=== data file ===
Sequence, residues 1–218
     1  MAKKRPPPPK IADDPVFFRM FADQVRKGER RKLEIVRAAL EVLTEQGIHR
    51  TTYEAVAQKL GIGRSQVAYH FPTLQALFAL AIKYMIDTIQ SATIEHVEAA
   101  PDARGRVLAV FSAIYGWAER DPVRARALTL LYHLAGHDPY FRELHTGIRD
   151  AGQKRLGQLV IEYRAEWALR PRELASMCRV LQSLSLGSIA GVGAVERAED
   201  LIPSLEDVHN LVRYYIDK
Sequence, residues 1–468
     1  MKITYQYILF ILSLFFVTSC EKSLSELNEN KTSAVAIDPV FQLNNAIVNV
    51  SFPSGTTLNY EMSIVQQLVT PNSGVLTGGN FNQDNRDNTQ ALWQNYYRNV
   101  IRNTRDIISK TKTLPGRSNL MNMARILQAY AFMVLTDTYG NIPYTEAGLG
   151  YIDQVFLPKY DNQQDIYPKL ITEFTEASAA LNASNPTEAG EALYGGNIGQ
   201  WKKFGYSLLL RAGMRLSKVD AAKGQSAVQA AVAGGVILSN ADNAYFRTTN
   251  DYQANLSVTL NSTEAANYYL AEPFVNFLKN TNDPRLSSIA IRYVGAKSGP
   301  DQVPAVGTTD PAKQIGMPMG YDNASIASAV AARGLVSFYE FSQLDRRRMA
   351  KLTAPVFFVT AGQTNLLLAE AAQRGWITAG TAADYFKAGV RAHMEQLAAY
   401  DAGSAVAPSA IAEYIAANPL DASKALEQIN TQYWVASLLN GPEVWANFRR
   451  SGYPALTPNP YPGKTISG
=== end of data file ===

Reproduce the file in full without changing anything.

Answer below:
Sequence, residues 1–218
     1  MAKKRPPPPK IADDPVFFRM FADQVRKGER RKLEIVRAAL EVLTEQGIHR
    51  TTYEAVAQKL GIGRSQVAYH FPTLQALFAL AIKYMIDTIQ SATIEHVEAA
   101  PDARGRVLAV FSAIYGWAER DPVRARALTL LYHLAGHDPY FRELHTGIRD
   151  AGQKRLGQLV IEYRAEWALR PRELASMCRV LQSLSLGSIA GVGAVERAED
   201  LIPSLEDVHN LVRYYIDK
Sequence, residues 1–468
     1  MKITYQYILF ILSLFFVTSC EKSLSELNEN KTSAVAIDPV FQLNNAIVNV
    51  SFPSGTTLNY EMSIVQQLVT PNSGVLTGGN FNQDNRDNTQ ALWQNYYRNV
   101  IRNTRDIISK TKTLPGRSNL MNMARILQAY AFMVLTDTYG NIPYTEAGLG
   151  YIDQVFLPKY DNQQDIYPKL ITEFTEASAA LNASNPTEAG EALYGGNIGQ
   201  WKKFGYSLLL RAGMRLSKVD AAKGQSAVQA AVAGGVILSN ADNAYFRTTN
   251  DYQANLSVTL NSTEAANYYL AEPFVNFLKN TNDPRLSSIA IRYVGAKSGP
   301  DQVPAVGTTD PAKQIGMPMG YDNASIASAV AARGLVSFYE FSQLDRRRMA
   351  KLTAPVFFVT AGQTNLLLAE AAQRGWITAG TAADYFKAGV RAHMEQLAAY
   401  DAGSAVAPSA IAEYIAANPL DASKALEQIN TQYWVASLLN GPEVWANFRR
   451  SGYPALTPNP YPGKTISG